Meet the largest cat breed that is still around today, a strange creature that is shrouded in myths and mystery: Some people would not believe it existed—Meet the liger.
Ligers are a unique and rare hybrid of jungle cats, being born only as the offspring from mating between a male lion and a female tiger.
Cross species breeding between lion and tigress pairings has only been known to happen in captivity, although it is possible that ligers may have been birthed in the wild, only the proof is not verifiable today. Ligers end up being born with genetic characteristics of lion and tigress, but grow to much bigger sizes than either of their original parents.
The average liger is 10 to 12 feet long and weighing more than both parents combined mass. These facts have created the reputation that ligers are undeniably, the largest known cat breed that is still around today. Ligers are quite varied in appearance depending on their unique individual gene pool mix.
This means that technically ligers have no scientific name, being their own subspecies and can only be classified as a genus unto themselves, but some scientists refer to their breed as panthera leo X tigris.
In the book “Animal Life and the World of Nature” written by A H Bryden in 1903, a dynamic description of living ligers is given.
According to the text, “A good big lion will weigh about 400 lbs. the hybrid in question, weighing as it does no less than 467 lbs, is certainly the superior of most well-grown lions, whether wild-bred or born in a menagerie. This animal shows faint striping and mottling, and, in its characteristics, exhibits strong traces of both its parents. It has a somewhat lion-like head, and the tail is more like that of a lion than of a tiger.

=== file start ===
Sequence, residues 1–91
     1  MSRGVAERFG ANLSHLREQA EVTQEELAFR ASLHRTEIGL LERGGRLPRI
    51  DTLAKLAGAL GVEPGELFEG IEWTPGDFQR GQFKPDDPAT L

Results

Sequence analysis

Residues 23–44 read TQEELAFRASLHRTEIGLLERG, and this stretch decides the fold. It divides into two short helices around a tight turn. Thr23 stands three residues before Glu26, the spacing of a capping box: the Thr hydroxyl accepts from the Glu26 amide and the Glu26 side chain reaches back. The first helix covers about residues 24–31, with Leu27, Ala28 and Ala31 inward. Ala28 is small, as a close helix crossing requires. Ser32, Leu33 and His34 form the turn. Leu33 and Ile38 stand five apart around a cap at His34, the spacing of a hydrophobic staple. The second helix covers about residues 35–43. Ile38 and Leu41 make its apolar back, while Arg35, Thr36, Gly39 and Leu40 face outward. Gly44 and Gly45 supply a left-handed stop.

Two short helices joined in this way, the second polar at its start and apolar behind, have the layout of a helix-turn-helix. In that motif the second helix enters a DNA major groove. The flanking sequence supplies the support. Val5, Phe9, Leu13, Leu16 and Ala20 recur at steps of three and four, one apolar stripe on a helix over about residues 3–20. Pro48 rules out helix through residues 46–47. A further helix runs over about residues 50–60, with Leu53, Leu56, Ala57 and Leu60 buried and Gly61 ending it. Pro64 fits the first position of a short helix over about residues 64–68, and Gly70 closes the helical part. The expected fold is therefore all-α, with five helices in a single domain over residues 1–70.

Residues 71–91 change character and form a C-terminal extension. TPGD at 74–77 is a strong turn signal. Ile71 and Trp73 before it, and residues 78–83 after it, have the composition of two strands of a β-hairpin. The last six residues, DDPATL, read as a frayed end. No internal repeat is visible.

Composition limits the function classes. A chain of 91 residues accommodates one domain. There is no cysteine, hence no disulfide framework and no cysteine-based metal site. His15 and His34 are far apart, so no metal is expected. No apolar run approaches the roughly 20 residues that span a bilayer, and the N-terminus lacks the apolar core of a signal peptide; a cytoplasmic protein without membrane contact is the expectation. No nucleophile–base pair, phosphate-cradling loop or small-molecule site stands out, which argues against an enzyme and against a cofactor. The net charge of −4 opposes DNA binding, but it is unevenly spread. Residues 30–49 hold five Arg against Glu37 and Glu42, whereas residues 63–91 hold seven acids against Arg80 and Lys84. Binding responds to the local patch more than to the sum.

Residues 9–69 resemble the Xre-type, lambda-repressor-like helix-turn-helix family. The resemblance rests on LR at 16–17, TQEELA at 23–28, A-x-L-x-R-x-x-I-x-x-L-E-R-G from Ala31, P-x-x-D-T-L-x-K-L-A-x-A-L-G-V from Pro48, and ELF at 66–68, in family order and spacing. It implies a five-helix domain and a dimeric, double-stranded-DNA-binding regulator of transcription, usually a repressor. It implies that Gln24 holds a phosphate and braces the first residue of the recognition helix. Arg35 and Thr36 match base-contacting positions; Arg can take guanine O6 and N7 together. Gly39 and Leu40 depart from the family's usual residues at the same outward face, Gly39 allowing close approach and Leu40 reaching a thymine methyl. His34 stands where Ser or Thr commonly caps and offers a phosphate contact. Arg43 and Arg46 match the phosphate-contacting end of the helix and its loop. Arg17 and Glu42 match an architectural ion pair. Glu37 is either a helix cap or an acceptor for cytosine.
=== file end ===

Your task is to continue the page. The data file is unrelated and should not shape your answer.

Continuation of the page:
On the other hand, it has little or no trace of mane. It is a huge and very powerful beast.”
Some zoo authority agencies have argued that allowing ligers to be bred in captivity is unnatural. As if these beautiful giants of the cat world were some sort of abominations, or mutations that should be excluded from nature all together, but this is a myth.
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According to www.ligerliger.com, a major animal support and information website, “Lions, leopard, jaguars, and tiger are often kept in the same enclosures by animal trainers so they can have the largestpossible space. This also gives them an enriching social life. Most of the time they will not breed. They may get along well but not reproduce unless the animals themselves decide they like each other. All big cats are stimulation ovulators.That means artificial insemination is impossible. Lions and tigers must be in love to reproduce, and it is only achieved by natural means.”
Also the arguments that ligers are unnatural is based on the assumptions that the only occurrences of such creatures is in captivity.
Although most evidence supports this theory, it isn’t verifiable scientifically. There are many opinions, but as was aptly stated in a 2005 issue of Bellwether Magazine, “All known instances of tiger–lion interbreeding have been in captivity: the two species naturally overlap only near the Gir Preserve in Bangladesh, and even then the big cats would be unlikely to mingle.”
As with all animals, ligers are unique to their environment, need to be understood and must find a way to co-exist within the world of human beings in order to survive. Only a handful have ever lived on the planet Earth. Currently only four are known to be alive today.
This maybe the only chance for human beings to be around these majestic cat giants, who are not part of evolutionary natural selection nor are they a species that is endangered, but could become extinct. Simply because their pride will never increase in numbers.
Perhaps cats like ligers were the inspiration for the Sphinx or other mysteries in mankind’s past. For today, we have a change to know and spend time with them. While their species is still living with us.
This reality is all most people need to know, when considering the impact of ligers in the world of humans and this is the best reason that we should encourage everyone to meet them with compassionate kindness. Because ligers are the gentlest giants of all the mammals on Earth.
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